Results of a 2012 meta-analysis and systematic review concluded that berberine effectively treated hypoglycemia.2 However, more studies are needed to evaluate the safety of berberine in long-term use.

Berberine is an isoquinoline alkaloid compound isolated from rhizoma coptidis. Its hyperglycemia-mitigating effects were first documented in 1988 when it was used to treat diarrhea in patients with diabetes, and the extract’s antidiabetic potential has since been studied in a variety of clinical trials.2

However, a search in using the key words “berberine” and “diabetes mellitus type 2” only resulted in 5 studies on berberine. Two of those studies explored the compound’s effect on diabetes (NCT02084004 and NCT00425009). The first study was withdrawn, and the second study was completed in December 2004.3,4

A different trial helped illustrate berberine’s clinical potential. The pilot study was divided into 2 studies with the goal of evaluating the safety and efficacy of berberine in patients with type 2 diabetes.5

In study A, 36 adults who had received a recent diagnosis of type 2 diabetes were randomly assigned to receive either berberine or 0.5 g of metformin 3 times per day for 3 months. Berberine’s hypoglycemic activity mirrored that of metformin with statistically significant decreases in hemoglobin A1C (HbA1c; from 9.5% ± 0.5% to 7.5% ± 0.4%; P < .01). Patients in the berberine arm also experienced significant decreases in fasting blood glucose (FBG), postprandial blood glucose (PBG), and plasma triglycerides.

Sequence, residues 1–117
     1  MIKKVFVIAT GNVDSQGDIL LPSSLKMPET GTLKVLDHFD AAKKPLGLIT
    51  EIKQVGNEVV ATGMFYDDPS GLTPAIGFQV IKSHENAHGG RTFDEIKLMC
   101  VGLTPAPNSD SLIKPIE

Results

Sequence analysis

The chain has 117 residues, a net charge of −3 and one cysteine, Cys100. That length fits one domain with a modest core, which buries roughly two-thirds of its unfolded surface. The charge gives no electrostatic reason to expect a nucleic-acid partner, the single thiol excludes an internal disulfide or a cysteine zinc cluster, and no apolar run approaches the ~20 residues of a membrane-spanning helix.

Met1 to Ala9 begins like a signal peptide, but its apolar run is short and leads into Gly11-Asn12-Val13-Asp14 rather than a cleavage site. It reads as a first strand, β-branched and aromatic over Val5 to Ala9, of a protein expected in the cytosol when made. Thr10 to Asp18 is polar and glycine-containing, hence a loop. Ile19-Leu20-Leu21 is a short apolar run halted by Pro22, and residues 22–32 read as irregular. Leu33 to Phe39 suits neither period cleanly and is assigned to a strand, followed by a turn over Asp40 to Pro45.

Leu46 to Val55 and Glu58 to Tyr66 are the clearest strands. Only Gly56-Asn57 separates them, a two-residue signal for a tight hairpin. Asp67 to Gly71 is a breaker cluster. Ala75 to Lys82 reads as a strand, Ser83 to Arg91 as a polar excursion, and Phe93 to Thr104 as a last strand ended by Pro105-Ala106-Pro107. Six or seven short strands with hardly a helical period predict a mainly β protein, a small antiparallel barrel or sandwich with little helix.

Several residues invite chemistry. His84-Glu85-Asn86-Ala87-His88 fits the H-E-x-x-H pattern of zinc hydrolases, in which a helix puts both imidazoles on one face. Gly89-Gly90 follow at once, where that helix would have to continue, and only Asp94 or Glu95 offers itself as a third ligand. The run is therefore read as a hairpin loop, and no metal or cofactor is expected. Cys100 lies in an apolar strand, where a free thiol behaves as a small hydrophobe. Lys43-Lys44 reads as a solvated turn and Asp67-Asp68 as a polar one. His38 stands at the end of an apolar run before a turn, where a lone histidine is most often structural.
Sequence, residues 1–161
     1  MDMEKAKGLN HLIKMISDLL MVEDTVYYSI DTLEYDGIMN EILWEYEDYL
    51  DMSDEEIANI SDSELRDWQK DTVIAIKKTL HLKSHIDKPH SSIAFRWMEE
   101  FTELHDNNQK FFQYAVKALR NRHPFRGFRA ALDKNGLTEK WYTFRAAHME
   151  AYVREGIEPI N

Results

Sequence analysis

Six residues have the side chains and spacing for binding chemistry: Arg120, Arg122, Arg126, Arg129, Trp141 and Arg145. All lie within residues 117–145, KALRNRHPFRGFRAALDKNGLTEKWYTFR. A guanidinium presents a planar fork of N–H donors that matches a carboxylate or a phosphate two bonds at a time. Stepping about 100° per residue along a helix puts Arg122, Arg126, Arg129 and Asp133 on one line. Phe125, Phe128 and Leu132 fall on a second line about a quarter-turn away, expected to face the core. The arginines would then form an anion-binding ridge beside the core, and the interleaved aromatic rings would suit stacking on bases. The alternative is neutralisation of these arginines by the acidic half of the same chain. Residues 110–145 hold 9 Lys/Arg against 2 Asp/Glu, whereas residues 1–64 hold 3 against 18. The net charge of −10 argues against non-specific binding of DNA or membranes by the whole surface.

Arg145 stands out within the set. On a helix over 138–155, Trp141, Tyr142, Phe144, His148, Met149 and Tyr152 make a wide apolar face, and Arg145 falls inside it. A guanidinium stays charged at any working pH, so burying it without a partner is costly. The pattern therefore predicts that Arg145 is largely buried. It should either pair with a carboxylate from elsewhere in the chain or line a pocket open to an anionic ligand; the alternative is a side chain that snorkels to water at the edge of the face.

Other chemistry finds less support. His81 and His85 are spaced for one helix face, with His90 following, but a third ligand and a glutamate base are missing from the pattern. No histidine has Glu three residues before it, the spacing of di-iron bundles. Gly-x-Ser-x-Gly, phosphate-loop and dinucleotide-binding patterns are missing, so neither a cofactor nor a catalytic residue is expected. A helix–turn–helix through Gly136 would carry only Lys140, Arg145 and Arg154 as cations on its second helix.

Forty-eight patients with poorly controlled type 2 diabetes were enrolled in the second study (study B) and received berberine supplements for 3 months. Similarly, biomarkers for blood sugar improved. FBG and PBG improved within 1 week and HbA1c dropped (from 8.1% ± 0.2% to 7.3% ± 0.5%; P <.0001).5 Although patients in the berberine arm did not lose weight, they experienced a redistribution of body fat. However, some data suggest that, like metformin, berberine may result in weight loss.6

Despite the supplement’s benefits, Bisher does not foresee berberine replacing metformin.

In addition to berberine, Harris and Bisher also recommended stocking the following supplements that may help patients with weight management:

  • Magnesium: This mineral is responsible for more than 300 biochemical reactions in the body and an important cofactor for energy generation and metabolism.
  • Zinc: “Zinc deficiencies are associated with metabolic derangments,” Harris said.
  • Chromium: This mineral helps the body process sugars and facilitate insulin’s activity.
  • Vanadium and cinnamon help improve insulin sensitivity.